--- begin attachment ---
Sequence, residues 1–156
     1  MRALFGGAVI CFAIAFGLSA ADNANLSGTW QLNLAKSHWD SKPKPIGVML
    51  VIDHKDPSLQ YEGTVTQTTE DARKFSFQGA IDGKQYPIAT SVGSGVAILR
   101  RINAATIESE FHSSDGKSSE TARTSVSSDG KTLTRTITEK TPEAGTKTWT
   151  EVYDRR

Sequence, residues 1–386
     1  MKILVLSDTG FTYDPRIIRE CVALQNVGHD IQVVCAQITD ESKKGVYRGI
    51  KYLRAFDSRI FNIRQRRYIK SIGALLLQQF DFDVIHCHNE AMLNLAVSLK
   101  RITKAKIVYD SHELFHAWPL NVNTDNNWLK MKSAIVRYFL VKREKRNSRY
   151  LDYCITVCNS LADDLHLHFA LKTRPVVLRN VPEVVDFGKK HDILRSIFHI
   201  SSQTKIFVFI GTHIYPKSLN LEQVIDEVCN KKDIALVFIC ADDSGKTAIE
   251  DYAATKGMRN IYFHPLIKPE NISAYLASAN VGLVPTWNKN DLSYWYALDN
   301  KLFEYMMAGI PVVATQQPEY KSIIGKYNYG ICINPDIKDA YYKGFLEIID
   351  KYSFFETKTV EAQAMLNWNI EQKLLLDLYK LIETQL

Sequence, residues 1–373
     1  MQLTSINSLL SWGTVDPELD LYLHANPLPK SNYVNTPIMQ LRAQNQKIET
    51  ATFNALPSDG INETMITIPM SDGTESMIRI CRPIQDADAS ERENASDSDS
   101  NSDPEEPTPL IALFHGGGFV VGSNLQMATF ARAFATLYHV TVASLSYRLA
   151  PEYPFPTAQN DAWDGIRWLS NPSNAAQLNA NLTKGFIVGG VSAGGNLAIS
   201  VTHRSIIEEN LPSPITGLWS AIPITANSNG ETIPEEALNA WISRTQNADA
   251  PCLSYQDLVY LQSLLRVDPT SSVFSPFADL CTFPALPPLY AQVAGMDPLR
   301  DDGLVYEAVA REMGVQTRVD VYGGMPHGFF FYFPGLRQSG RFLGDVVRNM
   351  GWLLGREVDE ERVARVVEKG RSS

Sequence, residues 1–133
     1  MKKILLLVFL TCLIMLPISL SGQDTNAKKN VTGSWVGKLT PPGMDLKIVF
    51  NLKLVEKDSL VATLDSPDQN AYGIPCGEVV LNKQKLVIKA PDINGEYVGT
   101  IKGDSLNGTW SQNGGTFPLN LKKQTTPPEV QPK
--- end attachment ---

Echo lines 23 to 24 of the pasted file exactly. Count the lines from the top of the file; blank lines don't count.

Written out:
   351  GWLLGREVDE ERVARVVEKG RSS

Sequence, residues 1–133